Inhalation flow rates during strenuous exercise.
Johnson AT; Koh FC; Scott WH; Mackey KM; Chen KYS; Rehak T
J Int Soc Respir Prot 2005 Oct; 22(Fall/Winter):79-96
It would be helpful if peak inhalation flow rates were characterized for respiratory design, testing, and use. However, peak flow rates depend strongly on the wearer and the type of work being performed. Instantaneous inhalation rates for subjects exercising on a treadmill have been measured for the following conditions: 1) at 80-85% VO2 max without a respirator, 2) at 80-85% VO2 max while wearing a breath-responsive PAPR (blower flow rate) and 3) at 100% VO2 max without a respirator. Instantaneous inhalation flow rates were found to vary greatly among subjects and at different times for each subject. Depending upon the time that any given flow rate can be sustained, peak flow rates can vary considerably. Instantaneous flow rates were recorded and classified according to 20 L/min ranges so that the flow rate distribution could be obtained. If flow rates in the top one percentile are defined as peak flow rates, then a peak inhalation flow rate of up to 359 L/min (BTPS) was measured for condition 1. Peak instantaneous (less than 1% of flow rates) recorded flows were even higher, up to 442 L/min (BTPS). A peak blower flow rate at up to 679 L/min (BTPS) was measured for condition 2. Flow rates recorded at 100% VO2 Max were generally higher than flow rates 80-85% VO2 max, although this varied somewhat among subjects. A linear relationship has been found between peak flow rate and average minute volume, which can then be used in a procedure to calculate peak flow rates expected at any given work rate.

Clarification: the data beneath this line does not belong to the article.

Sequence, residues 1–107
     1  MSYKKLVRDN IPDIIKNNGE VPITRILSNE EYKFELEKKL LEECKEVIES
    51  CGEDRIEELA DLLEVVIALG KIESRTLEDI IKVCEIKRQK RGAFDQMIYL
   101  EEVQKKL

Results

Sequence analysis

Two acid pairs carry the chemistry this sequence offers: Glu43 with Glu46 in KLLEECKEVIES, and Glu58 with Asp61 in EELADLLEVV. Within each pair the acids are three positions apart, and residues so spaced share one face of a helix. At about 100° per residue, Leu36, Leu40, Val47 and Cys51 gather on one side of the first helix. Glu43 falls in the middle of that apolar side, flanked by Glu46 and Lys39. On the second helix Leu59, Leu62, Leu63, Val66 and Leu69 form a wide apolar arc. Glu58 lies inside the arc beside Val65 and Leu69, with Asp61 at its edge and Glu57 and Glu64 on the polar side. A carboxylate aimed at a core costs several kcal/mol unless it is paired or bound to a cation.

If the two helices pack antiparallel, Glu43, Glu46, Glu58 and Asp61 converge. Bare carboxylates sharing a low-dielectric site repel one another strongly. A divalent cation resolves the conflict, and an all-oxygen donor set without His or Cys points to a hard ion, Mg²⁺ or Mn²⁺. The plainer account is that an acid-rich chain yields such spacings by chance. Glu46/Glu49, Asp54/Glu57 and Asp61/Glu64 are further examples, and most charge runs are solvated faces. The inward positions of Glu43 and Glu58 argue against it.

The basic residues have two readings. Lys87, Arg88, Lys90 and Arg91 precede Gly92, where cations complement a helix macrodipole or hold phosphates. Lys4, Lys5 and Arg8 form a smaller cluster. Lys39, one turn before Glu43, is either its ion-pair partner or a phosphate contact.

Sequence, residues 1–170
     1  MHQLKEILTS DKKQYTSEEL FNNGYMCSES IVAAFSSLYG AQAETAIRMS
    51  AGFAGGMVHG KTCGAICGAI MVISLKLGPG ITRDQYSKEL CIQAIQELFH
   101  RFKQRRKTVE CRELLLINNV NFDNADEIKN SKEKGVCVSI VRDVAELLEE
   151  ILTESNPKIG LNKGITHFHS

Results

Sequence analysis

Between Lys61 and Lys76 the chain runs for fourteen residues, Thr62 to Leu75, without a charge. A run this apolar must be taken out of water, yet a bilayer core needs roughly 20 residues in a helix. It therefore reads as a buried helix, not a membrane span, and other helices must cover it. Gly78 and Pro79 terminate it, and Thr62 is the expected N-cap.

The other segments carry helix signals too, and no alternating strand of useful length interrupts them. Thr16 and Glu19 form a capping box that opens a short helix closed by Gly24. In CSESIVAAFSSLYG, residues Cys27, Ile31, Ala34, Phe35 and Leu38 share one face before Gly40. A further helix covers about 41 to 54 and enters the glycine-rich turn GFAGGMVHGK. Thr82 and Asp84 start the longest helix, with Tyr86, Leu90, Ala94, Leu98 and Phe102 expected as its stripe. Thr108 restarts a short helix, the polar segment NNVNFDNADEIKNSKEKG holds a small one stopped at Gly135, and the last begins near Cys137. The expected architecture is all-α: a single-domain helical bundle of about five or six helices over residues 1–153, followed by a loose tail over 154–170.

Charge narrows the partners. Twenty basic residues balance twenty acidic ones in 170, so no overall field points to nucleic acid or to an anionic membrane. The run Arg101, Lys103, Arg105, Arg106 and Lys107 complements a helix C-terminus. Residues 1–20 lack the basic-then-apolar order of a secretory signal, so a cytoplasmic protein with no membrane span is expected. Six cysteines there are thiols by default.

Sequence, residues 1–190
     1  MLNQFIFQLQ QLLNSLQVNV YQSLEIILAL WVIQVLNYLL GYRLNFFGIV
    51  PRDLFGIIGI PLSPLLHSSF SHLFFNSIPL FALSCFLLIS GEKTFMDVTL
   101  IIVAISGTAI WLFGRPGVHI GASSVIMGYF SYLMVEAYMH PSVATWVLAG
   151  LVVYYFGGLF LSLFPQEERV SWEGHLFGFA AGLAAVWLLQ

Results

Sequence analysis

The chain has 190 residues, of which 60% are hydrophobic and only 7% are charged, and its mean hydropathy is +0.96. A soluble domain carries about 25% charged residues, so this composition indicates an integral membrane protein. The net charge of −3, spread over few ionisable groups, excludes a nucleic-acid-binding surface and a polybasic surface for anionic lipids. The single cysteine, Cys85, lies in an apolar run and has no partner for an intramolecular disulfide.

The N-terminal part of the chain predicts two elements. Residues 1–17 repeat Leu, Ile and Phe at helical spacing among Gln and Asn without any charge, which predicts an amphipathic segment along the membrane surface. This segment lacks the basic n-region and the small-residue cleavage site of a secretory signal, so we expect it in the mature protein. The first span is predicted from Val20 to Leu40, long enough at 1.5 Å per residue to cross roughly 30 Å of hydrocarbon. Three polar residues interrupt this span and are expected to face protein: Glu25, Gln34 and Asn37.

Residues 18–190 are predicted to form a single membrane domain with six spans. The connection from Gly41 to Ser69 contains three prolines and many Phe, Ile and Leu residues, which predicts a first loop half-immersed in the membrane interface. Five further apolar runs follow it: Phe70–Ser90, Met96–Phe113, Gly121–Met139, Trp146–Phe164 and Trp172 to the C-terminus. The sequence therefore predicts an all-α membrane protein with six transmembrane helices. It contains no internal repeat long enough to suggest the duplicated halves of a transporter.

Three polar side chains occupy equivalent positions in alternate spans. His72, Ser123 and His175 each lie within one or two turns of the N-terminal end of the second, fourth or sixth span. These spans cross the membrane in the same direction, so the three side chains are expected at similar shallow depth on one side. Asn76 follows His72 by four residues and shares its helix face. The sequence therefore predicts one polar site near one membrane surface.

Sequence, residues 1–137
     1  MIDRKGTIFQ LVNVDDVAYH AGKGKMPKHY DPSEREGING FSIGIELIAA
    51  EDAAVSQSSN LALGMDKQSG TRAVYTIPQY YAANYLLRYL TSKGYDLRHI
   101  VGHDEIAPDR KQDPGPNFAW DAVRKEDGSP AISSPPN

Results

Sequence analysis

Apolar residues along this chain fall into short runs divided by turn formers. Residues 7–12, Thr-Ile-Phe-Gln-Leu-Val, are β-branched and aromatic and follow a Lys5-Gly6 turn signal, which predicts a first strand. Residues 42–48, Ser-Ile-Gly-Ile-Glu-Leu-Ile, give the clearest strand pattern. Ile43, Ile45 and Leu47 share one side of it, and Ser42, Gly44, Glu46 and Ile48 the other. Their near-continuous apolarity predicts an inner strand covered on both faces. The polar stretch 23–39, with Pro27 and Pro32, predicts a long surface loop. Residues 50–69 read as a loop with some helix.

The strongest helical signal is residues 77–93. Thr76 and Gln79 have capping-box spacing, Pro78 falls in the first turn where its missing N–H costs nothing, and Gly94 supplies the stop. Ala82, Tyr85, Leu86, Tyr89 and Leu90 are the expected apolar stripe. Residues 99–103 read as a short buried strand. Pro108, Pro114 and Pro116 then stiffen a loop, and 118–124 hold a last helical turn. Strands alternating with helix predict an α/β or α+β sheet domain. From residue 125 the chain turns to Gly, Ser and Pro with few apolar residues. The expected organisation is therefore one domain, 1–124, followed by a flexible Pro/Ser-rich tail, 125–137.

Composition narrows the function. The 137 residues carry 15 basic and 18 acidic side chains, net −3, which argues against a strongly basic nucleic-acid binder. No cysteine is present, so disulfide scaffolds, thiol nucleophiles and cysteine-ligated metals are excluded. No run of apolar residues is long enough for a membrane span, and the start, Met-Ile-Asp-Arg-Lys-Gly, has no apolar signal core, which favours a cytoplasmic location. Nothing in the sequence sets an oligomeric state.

Respirators; Respiratory-function-tests; Respiratory-rate; Respiratory-protective-equipment; Analytical-processes; Analytical-models; Models
Biological Resources Engineering, University of Maryland, College Park, MD 20742
Issue of Publication
Journal of the International Society for Respiratory Protection